Thanks that is useful. maybe you will become a volunteer sewer for newbies in the future... You would be very welcome, I am certain.

Needless to say(?) ....scissors will NOT be appropriate in a dementia unit.
and yes, residential care has certain advantages. In our case, three cooked meals a day, lunch and dinner being both three courses and always with Choice.
Plus mid morning and mid afternoon snacks. All cooked on premises and special diets well catered for. And my man gets midnight feasts too more often than not!

Most of all, the safety aspect. Not that anywhere or any situation can aspire to be 100 per cent safe.
For mum, it's the availability of help when she needs it. At home, she had 3 carer visits a day, and was often tucked up for night at 7pm, due to lack of staff, even on a lovely summer's evening. Then there was a 12 hour period without anyone to make her a drink, or assist going to the toilet. Now, she has people at hand whenever she needs them. No need to worry about going to the toilet to order!
The best advice I can give is to have several stays in respite at the home you are considering for long-term care for a week or two first, ideally over a year or two: that reduces the stress of transition greatly, and gives a chance to make an informed decision. "Its to give you a break Mum, and so I can get a well-earned holiday to recharge my batteries" is often the best line to take.
My husband has been in a residential home for just on three months now, and I can relate to all the comments here. Dancedintherain's initial posting is spot-on and really useful as a checklist.

I can see that his clothes are going to wear out fast because of the harsh laundering, and there is no question of providing garments like hand-knitted sweaters; they would turn into felt at the first wash.

Things certainly do go missing. This week his left slipper has disappeared (all footwear has been labelled, too, with stick-on Dymo labels). Weird. I can only think my husband abandoned it somewhere in the building in a moment of distraction, and it will eventually turn up again. Another strange thing: the kind of pyjamas my husband likes are those made of thin cotton jersey that look like a t-shirt and thin jogging trousers. When he moved in there he had three sets of these, two of them brand new. But not all the staff recognise them as pyjamas (even though the labels say 'nightwear'), so I have often gone in and found him wearing pj tops or trousers in the day. A couple of weeks ago my stepdaughter, after one of her visits, informed me in a loud and aggrieved fashion that she had been told he 'had only one pair of pyjamas' and that I must buy more, pronto. Sigh. Anyway, I have now got him a couple of sets of traditional striped pyjama trousers and jackets. I thought at first I could keep his clothes neatly sorted on the shelves in his wardrobe (sweaters, t-shirts, trousers, pyjamas, underwear, socks, in order) but no chance. The staff put things in wherever there is the space, and anyway, he continually rearranges things himself...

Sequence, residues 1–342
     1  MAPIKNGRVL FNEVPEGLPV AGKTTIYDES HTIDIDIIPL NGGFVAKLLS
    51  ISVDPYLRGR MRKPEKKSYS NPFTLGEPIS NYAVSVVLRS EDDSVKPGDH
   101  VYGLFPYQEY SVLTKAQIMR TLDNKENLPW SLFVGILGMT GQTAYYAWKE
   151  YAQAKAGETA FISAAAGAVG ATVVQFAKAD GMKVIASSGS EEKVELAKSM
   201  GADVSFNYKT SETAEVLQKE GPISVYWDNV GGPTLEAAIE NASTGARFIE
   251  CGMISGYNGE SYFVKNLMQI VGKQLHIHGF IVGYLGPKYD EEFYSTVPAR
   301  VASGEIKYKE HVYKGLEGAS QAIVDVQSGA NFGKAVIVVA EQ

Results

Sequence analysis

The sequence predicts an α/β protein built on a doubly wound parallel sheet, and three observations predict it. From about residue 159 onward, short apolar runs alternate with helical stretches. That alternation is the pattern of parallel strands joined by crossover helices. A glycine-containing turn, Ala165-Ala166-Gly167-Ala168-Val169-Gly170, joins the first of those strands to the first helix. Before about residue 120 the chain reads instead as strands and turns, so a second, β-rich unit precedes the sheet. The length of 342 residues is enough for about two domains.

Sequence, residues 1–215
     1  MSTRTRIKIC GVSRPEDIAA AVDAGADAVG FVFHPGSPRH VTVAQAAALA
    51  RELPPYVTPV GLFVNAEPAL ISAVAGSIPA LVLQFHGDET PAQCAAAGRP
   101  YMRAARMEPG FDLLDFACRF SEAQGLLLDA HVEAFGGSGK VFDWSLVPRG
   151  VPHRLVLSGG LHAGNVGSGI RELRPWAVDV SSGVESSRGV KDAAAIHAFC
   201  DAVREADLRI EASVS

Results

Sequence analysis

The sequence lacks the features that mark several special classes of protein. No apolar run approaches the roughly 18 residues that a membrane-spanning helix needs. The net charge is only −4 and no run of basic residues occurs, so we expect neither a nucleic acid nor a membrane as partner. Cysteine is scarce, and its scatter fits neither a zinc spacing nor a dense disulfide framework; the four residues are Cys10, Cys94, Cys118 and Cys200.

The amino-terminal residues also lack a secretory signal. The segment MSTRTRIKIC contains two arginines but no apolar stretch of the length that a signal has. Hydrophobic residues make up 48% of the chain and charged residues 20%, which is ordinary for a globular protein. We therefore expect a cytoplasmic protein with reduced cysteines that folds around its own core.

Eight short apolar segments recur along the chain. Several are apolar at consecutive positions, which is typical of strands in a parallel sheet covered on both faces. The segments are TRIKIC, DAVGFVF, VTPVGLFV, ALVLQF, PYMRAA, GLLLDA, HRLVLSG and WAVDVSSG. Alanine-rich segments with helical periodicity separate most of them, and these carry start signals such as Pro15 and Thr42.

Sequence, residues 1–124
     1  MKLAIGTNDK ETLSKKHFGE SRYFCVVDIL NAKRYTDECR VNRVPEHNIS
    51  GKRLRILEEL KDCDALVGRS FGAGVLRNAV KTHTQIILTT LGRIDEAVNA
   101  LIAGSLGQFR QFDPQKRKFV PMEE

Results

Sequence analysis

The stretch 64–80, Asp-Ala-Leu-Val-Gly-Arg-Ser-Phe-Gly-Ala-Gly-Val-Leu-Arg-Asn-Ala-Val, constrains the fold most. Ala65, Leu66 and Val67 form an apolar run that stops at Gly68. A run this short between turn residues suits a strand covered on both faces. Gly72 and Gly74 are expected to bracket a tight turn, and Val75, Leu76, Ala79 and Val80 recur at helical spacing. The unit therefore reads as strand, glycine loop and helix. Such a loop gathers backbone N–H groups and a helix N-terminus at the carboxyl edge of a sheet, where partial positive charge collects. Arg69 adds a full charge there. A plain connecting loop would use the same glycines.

For me, one of the huge changes brought about by moving him into a home is that I can actually SLEEP at nights again, because I don't have to worry about him all night. I hadn't realised how badly, and how little, I was sleeping. Spending shorter periods of time with him, having slept properly the previous night, has had a noticeable effect on my mood and temper; I am able to be far more patient with him than I was when he was at home.

Tristesa
Tristesa, thanks for reminding me to do the new slippers. When my son became a boarder at school I labelled absolutely everything in the end. I found that clothes with labels which were machine sewn on stayed around longer! It's also really important to put the labels in obvious places, the neck of a shirt, the back of the waistband for trousers. Busy staff don't have time to hunt for labels. Socks can be a bit of a challenge, if sewn at either end they would tend to tear the sock, so I would fold the label in half and then sew it on.
I have to sew the embroidered name-tapes in by hand, Bowlingbun, and it is a pain. My sewing is far from elegant (though I can sew a knitted garment together neatly enough) but as long as the labels stay in place, who cares! I also got name-labels in stick-on and iron-on versions before he went into the home, and have used the stick-on ones on things like shoes, and the iron-on ones on underwear etc. They seem to be lasting okay. Staff at the home often add his room number to things using a marking pen.

I bought a little Dymo labeller recently, and this is really good for putting name stickers on objects like table-lamps, TV remote controls and pictures. One can get different types of tape for the device, and set different sizes of print from tiny to quite bold. It is also fun to use, except that the keyboard is in alphabetic order rather than a QWERTY board, so that it takes me ages to find each letter... Image

Tristesa